One of the first things you notice about Jimmy Taylor are his hands.
A lot of former football players’ hands are gnarled by the game and by time, not in much better shape than their hips or their knees. But apparently Taylor has made some special pact with Father Time.
For the most part, bodily aches and pains don’t trouble him, even now just three weeks shy of his 81st birthday. The hands Vince Lombardi trusted over and over again to protect the football and help forge the Green Bay Packers’ dynasty of the 1960s look like they could still do the job if the Packers of today needed him on a tough third-and-goal.
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He battles some hereditary heart trouble, and his heart can be left heavy by what the years have done to many of his great Packers teammates. Some like Ray Nitschke, Jim Ringo and Henry Jordan, all Pro Football Hall of Famers like Taylor, are dead. Others are ravaged by dementia.
“They’re fading out,” Taylor says with a sweep of one of those famous hands. “It is what it is. They see you, but they can’t talk.”
Green Bay quarterback and later coach Bart Starr, now 82, who took hundreds of snaps and turned to put the ball into Taylor’s dependable hands over and over again, is about to head to Mexico for an experimental stem cell treatment. That will hopefully allow Starr to return to Green Bay’s Lambeau Field this season after a similar treatment allowed him to attend the retirement ceremony of Brett Favre’s No. 4 last November.
The Packers never got around to retiring Taylor’s No. 31. It’s a small slight among his many honors. But he was the first of Lombardi’s Packers players to be enshrined in Canton, Ohio, back in 1976. LSU has two other former players in the hall — the late Steve Van Buren, inducted in 1965 and Y.A. Tittle, who went in back in 1971 — but none since Taylor.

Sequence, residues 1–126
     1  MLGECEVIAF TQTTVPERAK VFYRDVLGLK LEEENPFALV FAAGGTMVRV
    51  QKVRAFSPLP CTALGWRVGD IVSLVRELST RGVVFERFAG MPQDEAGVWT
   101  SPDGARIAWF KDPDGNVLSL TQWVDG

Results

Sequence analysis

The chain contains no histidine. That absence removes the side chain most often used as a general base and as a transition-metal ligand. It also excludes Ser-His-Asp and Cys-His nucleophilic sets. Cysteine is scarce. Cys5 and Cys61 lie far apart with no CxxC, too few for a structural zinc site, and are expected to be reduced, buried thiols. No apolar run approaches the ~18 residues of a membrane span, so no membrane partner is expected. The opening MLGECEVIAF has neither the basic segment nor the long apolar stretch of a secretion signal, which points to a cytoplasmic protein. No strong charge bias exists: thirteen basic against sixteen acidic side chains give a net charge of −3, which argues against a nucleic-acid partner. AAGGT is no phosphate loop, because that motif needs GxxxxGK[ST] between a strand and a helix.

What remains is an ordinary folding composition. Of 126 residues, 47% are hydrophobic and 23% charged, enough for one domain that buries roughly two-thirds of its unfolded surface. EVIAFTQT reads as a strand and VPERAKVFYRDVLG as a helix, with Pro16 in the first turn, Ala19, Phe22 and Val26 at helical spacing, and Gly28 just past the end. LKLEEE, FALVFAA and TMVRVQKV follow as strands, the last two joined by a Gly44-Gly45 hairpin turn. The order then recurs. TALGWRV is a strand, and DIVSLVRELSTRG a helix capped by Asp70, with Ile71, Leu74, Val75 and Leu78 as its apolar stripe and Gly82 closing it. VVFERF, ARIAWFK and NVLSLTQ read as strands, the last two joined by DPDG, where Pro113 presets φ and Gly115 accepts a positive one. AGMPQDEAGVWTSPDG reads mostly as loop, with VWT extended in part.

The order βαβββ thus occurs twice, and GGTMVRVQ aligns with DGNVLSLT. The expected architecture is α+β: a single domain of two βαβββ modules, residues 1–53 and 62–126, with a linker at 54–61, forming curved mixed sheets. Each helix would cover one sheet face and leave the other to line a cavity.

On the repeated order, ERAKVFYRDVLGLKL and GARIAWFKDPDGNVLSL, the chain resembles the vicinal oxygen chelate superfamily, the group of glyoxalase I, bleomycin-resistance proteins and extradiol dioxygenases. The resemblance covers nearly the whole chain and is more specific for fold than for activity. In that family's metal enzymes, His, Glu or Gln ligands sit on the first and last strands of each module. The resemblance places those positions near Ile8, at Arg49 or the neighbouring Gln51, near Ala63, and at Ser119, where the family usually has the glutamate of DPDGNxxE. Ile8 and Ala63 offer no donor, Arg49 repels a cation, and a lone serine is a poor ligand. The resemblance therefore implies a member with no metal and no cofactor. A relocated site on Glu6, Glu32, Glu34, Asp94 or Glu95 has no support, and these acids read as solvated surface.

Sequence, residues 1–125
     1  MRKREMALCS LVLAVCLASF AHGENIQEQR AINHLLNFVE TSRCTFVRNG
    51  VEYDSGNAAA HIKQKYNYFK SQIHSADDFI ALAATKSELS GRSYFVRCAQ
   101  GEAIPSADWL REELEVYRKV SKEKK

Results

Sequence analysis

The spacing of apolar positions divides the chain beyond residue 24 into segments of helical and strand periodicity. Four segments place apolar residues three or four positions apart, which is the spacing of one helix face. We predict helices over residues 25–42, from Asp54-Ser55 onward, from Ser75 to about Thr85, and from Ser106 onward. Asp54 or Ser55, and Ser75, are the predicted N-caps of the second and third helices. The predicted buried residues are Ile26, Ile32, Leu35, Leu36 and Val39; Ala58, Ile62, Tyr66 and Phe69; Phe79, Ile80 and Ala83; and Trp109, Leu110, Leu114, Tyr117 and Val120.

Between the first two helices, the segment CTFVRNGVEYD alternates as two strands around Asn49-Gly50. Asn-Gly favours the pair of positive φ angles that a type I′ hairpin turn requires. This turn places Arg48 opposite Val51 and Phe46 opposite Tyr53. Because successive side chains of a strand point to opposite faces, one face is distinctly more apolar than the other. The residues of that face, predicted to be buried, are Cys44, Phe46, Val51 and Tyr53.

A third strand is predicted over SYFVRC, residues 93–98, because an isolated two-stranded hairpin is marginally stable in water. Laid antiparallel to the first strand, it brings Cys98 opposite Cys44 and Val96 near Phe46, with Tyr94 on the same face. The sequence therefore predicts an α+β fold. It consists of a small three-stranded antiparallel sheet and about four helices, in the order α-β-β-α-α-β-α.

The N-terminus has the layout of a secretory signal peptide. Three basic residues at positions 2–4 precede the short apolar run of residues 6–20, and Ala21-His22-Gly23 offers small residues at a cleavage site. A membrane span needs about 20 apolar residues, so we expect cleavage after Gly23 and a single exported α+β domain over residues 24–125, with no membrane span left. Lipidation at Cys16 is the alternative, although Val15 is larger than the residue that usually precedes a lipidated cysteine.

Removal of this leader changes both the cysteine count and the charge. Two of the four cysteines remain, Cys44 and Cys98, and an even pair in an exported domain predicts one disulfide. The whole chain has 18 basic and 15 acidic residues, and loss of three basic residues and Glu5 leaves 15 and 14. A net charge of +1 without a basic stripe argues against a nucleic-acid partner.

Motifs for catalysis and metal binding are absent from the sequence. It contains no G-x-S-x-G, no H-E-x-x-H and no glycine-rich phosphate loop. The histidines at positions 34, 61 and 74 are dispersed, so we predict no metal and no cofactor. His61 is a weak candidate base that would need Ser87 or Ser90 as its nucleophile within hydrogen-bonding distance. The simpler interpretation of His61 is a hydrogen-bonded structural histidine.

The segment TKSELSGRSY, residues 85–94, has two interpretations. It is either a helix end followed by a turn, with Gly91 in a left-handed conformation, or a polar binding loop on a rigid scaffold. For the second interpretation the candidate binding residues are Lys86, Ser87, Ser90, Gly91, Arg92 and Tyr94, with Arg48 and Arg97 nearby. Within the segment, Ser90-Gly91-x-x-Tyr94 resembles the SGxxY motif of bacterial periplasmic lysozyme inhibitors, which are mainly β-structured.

Saturday, Taylor’s collegiate career will mingle with his professional past. He will serve as LSU’s honorary captain when the No. 5-ranked Tigers play Wisconsin at Lambeau Field.
Taylor will be on the field, somewhere beneath his name in Packers gold. Some teams like the Saints (Taylor’s last NFL season was New Orleans’ first in 1967) have a ring of honor. To get your name on the facade at Lambeau you have to be a Pro Football Hall of Famer.
It’s a high threshold, but Taylor clearly makes the mark.
He was an All-American fullback at LSU, sharing the backfield his senior season in 1957 with a sophomore named Billy Cannon. It was a mixed marriage — Cannon was an Istrouma grad, Taylor went to Baton Rouge High — but arguably they were the greatest tandem ever to line up together behind quarterback for the Tigers.
To this day, Cannon, LSU’s only Heisman Trophy winner in 1959 and Taylor’s close friend, remains the player by which all other LSU football players are judged. But in 1957 it was Taylor who was the All-American, a year after he ran and kicked his way to the Southeastern Conference scoring title with 59 points (he also played middle linebacker as the best college players then had to play offense and defense).
In 1958, the Packers drafted Taylor in the second round. Green Bay went 1-10-1 that year while Cannon led LSU to the national championship.
“Shows how much they missed me,” Taylor said with a grin.
His titles would come soon enough. Taylor played with the Packers through 1966, winning four NFL championships and the first Super Bowl against the old AFL. In Super Bowl I, former Tulane receiver Max McGee scored the first touchdown on a 37-yard pass from Starr, but it was Taylor who scored the first rushing touchdown.